A growing global movement toward holistic approaches to evaluating researchers and research aims to value a broader range of contributions than an institute’s reputation and such metrics as numbers of publications in high-impact journals, citations, and grant monies. Contributions that go largely unrewarded include committee service, outreach to the public and to policymakers, social impact, and entrepreneurship.
An early push was the San Francisco Declaration on Research Assessment in 2013. DORA has grown into a worldwide initiative for which reducing the emphasis on journal impact factor has been a “hobbyhorse,” says program director Zen Faulkes. “But we are broadening our efforts in assessment reform.” As of September, more than 20 000 individuals and about 3000 organizations in 164 countries had signed DORA.
A related effort spearheaded by the European Commission, the European University Association, and Science Europe—an association of funding agencies that spends more than €22 billion (roughly $24 billion) annually—is widely seen as having the most punch. In July 2022 they laid out guiding principles for reform, and in December 2022 they established the Coalition for Advancing Research Assessment (CoARA). More than 600 universities, funders, learned societies, and other organizations, overwhelmingly in Europe, had signed on as of late August. Signatories commit to examining their research assessment procedures within a year and to trying out and reporting on alternative approaches within five years.
CoARA is different from earlier assessment reform statements, says Sebastian Dahle, a physicist at the University of Ljubljana in Slovenia, a CoARA signatory. “In signing, organizations have to create an action plan. The agreement drives things forward. It’s not legally binding, but it keeps people engaged.”
The motivation to reform research assessment stems largely from frustration with the publish-or-perish culture that has developed in recent decades, and the movement’s aims represent a return to earlier norms. Assessing researchers “almost entirely” on the quantity and citations of their publications “creates poor incentives,” says Elizabeth Gadd, vice chair of CoARA’s steering board. It leads to scholars “salami slicing” to pad their publication counts, selling authorship, and committing fraud or misconduct, she says, adding that it’s “hugely problematic” that publications are so central to evaluating researchers.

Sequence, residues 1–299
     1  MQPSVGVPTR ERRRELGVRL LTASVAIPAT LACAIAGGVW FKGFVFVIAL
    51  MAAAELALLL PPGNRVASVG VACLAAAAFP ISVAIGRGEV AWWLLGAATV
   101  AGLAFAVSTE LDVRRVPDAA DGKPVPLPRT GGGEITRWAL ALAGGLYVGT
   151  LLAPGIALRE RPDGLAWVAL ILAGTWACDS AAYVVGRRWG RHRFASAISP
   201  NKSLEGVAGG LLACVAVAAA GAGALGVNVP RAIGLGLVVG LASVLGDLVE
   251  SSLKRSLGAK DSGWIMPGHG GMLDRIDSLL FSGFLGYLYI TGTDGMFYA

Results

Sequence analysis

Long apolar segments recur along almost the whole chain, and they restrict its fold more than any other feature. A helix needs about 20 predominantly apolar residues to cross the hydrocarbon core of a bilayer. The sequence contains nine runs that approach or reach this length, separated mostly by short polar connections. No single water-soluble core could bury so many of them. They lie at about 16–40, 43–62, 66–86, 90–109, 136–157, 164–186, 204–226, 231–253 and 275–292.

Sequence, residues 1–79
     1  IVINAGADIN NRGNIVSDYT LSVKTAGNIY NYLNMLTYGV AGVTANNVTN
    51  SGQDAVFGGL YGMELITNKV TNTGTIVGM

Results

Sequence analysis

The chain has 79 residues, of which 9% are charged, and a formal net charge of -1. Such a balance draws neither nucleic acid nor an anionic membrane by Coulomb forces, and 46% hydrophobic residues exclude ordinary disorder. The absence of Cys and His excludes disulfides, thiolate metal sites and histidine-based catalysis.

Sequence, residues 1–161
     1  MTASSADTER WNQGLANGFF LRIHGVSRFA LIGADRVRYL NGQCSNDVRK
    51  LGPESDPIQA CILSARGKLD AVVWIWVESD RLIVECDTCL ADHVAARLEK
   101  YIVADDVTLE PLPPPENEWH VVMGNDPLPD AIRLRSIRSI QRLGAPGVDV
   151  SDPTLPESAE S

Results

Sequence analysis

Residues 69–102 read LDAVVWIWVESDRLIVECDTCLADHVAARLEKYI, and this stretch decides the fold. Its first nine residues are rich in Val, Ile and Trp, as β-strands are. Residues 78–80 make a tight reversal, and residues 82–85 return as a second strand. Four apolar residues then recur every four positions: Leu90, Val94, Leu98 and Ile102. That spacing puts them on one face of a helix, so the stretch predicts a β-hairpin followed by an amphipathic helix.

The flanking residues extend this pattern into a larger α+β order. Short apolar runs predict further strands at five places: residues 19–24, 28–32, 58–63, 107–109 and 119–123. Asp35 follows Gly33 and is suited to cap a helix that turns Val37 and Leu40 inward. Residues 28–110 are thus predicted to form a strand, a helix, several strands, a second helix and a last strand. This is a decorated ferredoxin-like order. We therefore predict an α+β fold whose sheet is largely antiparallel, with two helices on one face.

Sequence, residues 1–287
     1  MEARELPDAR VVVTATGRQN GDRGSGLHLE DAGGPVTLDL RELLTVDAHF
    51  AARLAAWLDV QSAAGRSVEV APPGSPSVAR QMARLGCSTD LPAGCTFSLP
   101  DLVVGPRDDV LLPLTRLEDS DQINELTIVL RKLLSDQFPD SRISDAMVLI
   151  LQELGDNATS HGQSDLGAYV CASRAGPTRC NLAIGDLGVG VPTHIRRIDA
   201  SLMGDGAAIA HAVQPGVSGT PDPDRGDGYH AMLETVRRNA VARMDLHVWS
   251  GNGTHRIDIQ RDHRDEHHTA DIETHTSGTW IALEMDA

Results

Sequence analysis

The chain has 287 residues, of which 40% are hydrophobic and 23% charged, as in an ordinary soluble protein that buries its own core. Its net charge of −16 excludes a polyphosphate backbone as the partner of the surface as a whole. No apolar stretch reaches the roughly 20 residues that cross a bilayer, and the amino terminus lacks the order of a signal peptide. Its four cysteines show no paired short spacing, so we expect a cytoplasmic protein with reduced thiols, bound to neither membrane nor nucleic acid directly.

In Europe, says Toma Susi, who works on low-dimensional materials at the University of Vienna, “there is a widespread feeling that the academy has lost autonomy in how it evaluates researchers and institutes.” The ubiquitous impact factors are commercial and generated in “nontransparent” ways, he says.
Cassidy Sugimoto, chair of the school of public policy at Georgia Tech, studies scientometrics and inequalities in the scientific workforce. She says that the pressure to publish taxes the mental health of scholars. The entire research community is affected, but the burden tends to be higher on women and people of color, she says, in part because on average they are awarded less research funding and their papers are cited less often. If the current system of assessment leads to poorer mental health—and more attrition—she asks, “is it meeting the goals of scientists? Is it best for science?”
Another stress on mental health and a motivation for assessment reform is the frequency of evaluations. Between appraisals, tenure, promotions, prizes, and grant applications, “researchers are evaluated left, right, and center,” says Gadd, a specialist on research evaluation, scholarly communications, and research culture at Loughborough University in the UK. “It’s a personal driver for me to provide the best environment for researchers to do their research.”
Additionally, the open-science movement, which espouses making research—data, methods, software, and more—available to benefit the advancement of both science and society at large, is converging with efforts to reform research assessment. The emphasis on publishing in top journals leads to delays in sharing new discoveries, explains Johan Rooryck, executive director of the international open-access publishing initiative cOAlition S; the 28 funding agencies that belong to the coalition collectively invest about $40 billion a year in research. Around 90% of submissions are rejected by top journals, in many cases without review. “It’s impossible that 90% of articles are bad science,” he says. Scholars submit their manuscripts repeatedly until they find a journal that accepts them. “It creates enormous waste.”
The extreme competition also threatens publishing’s peer-review process, says Rooryck, who as an editor-in-chief of the linguistics journal Glossa has witnessed firsthand the increasing difficulty of finding reviewers. As a contribution to their research communities, scholars have traditionally volunteered to peer-review papers. But people are practical, Rooryck says. “Without compensation or acknowledgment, why spend time writing reviews?” The system has to change, he says, otherwise it will “come to a screeching halt.”